Important update: The entire stamp duty system was overhauled in December 2014, so please read my explanation of the new stamp duty on UK property rules.
Chancellor Alistair Darling tweaked the stamp duty bands for UK houses in the 2010 budget to favour first-time buyers.
- No duty will be payable by first-time buyers who buy houses costing up to £250,000 (a special measure that expires in two years).
- However stamp duty is to be raised from 4% to 5% for houses costing more than £1 million, to pay for the measure for first-time buyers (a permanent change).
This means the bands are now as follows:
- 0% on houses between £0-£250,00 (for first-time buyers)
- 0% on houses costing up to £125,000 (non first-time buyers)
- 1% on houses costing £125,000 – £250,000
- 3% on houses costing £250,000 – £500,000
- 4% on houses costing £500,000 – £1 million
- 5% on houses costing £1 million or more
Note that unlike income tax the rate applies to the whole amount you’re paying for the house.
So you don’t pay £250,000 at 1%, and 3% on the next £250,000, and so on. You pay the full rate on whatever band you’re in.
What is stamp duty?
Stamp duty is a tax you pay to the UK Government when you buy a house.
In 2003 it was given the official name Stamp Duty Land Tax to distinguish it from the different tax you pay when you buy shares (which was renamed Stamp Duty Reserve Tax).
The different rates are payable depending on the purchase price of the property (as opposed to say the size of your mortgage you use to buy it with).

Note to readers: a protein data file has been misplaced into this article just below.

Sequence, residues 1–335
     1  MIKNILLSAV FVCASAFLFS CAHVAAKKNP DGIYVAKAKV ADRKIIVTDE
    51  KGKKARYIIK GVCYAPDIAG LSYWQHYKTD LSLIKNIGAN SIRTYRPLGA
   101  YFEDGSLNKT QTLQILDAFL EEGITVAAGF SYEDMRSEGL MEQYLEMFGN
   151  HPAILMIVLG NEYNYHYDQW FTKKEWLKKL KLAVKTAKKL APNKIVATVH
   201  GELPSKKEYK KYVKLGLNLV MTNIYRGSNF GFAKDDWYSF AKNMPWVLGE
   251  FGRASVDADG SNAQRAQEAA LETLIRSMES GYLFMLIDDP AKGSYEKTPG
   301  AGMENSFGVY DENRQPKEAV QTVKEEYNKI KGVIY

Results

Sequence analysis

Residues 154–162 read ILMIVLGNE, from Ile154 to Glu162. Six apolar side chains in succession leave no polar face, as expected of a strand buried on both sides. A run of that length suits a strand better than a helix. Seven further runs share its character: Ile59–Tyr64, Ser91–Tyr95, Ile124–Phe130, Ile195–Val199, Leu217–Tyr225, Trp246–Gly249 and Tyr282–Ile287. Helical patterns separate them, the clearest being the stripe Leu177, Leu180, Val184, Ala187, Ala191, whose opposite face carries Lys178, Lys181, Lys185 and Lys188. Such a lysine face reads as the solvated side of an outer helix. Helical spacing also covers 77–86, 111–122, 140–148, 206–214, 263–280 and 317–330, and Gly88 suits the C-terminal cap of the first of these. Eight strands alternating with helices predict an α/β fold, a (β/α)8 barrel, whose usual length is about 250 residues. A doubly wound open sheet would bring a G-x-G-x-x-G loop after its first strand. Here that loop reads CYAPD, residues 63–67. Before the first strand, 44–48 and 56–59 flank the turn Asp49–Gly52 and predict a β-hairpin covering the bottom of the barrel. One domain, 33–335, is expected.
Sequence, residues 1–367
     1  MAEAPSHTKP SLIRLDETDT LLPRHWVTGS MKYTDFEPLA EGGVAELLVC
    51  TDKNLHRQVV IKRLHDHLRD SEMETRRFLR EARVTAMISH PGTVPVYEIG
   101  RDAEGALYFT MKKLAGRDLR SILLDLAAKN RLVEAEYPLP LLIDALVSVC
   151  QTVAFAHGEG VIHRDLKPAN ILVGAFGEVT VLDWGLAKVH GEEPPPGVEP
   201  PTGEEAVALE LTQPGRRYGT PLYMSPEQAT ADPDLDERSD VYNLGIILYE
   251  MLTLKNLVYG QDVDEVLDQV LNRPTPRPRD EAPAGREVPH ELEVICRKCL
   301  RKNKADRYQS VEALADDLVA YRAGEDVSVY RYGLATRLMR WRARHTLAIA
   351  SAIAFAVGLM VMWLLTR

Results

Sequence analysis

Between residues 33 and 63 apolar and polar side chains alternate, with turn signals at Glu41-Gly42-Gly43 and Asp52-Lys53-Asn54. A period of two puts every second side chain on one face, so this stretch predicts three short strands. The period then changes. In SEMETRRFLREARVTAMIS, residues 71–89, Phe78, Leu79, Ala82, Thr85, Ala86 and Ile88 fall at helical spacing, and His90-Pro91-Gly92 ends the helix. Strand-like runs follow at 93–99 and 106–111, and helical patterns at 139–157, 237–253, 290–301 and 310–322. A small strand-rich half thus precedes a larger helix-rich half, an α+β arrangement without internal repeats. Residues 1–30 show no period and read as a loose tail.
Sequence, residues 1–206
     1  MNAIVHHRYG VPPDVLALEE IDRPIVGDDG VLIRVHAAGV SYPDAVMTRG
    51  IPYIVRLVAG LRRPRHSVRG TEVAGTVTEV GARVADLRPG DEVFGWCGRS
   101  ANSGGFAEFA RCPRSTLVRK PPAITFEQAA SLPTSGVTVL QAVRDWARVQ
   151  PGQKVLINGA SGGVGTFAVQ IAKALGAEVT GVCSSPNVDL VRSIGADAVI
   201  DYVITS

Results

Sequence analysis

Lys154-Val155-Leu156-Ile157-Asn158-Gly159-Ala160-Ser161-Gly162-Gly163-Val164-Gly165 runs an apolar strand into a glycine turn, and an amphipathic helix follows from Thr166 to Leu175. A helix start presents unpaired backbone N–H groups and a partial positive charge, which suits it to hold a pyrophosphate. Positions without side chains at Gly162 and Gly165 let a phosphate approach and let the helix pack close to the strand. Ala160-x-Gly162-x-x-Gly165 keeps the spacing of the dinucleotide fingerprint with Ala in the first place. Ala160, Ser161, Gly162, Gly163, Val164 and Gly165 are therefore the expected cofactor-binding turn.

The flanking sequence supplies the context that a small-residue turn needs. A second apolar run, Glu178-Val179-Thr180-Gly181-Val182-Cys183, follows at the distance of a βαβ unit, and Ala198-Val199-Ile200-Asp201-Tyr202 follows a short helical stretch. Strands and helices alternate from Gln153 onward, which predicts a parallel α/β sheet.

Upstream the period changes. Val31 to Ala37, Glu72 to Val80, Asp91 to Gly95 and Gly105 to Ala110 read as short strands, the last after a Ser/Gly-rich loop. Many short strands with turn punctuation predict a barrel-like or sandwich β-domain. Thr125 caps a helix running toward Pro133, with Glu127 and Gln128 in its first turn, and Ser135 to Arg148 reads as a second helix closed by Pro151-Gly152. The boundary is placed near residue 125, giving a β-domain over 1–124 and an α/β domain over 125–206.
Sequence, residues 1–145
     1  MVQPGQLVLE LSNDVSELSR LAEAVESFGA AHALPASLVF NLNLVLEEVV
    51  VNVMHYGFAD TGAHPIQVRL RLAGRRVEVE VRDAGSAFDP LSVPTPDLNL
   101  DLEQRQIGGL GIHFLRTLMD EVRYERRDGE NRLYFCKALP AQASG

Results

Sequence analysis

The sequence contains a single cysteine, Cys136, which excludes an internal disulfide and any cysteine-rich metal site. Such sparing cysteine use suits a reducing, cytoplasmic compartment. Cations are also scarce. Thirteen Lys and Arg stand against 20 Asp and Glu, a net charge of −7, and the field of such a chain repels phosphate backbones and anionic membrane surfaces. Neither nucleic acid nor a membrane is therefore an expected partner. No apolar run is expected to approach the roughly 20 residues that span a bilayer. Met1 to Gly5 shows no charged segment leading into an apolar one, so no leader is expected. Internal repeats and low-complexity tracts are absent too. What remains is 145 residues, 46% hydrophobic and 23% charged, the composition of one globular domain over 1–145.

From time to time special rates are brought in to secure votes encourage redevelopment in disadvantaged areas or zero carbon home building. The current rates are available on HMRC’s website.
In my view stamp duty is a cash crop for the Government. It has increased the rates of stamp duty several times since coming to power in 1997.
It has also raised more revenue from the tax every year by not redrawing the bands to compensate for price inflation. (This is known as fiscal drag, jargon fans!) Far more people pay the tax now than a decade ago, as a result of rising house prices.
Note that the new £1 million-plus category, which covers quite a swathe of family homes in London, will be permanent, whereas the special tax-free rate for first -time buyers spending up to £250,000 expires in two years.
The tax also adds friction to the home buying process, by making moving house much more expensive, and it doesn’t do much to restrain prices. All it really does is distorts asking prices around the different band divisions.
For instance, it’s pretty much impossible to sell a house for £255,000, because buyers will not want to pay three times as much stamp duty by being pushed into the 3% bracket.
In practice, you’d have to reduce the house to £249,999, or else wait for prices to go up enough to enable your house to be sold for around £265,000.
Finally, some sophisticated buyers have employed various tricks such as paying separately for ‘fixtures and fittings‘ to stay below a band limit, or by using an Islamic mortgage to avoid paying the tax, but the Revenue may take a dim view of such methods.
Tread carefully and do your own research. Remember, tax avoidance is legal but tax evasion is not!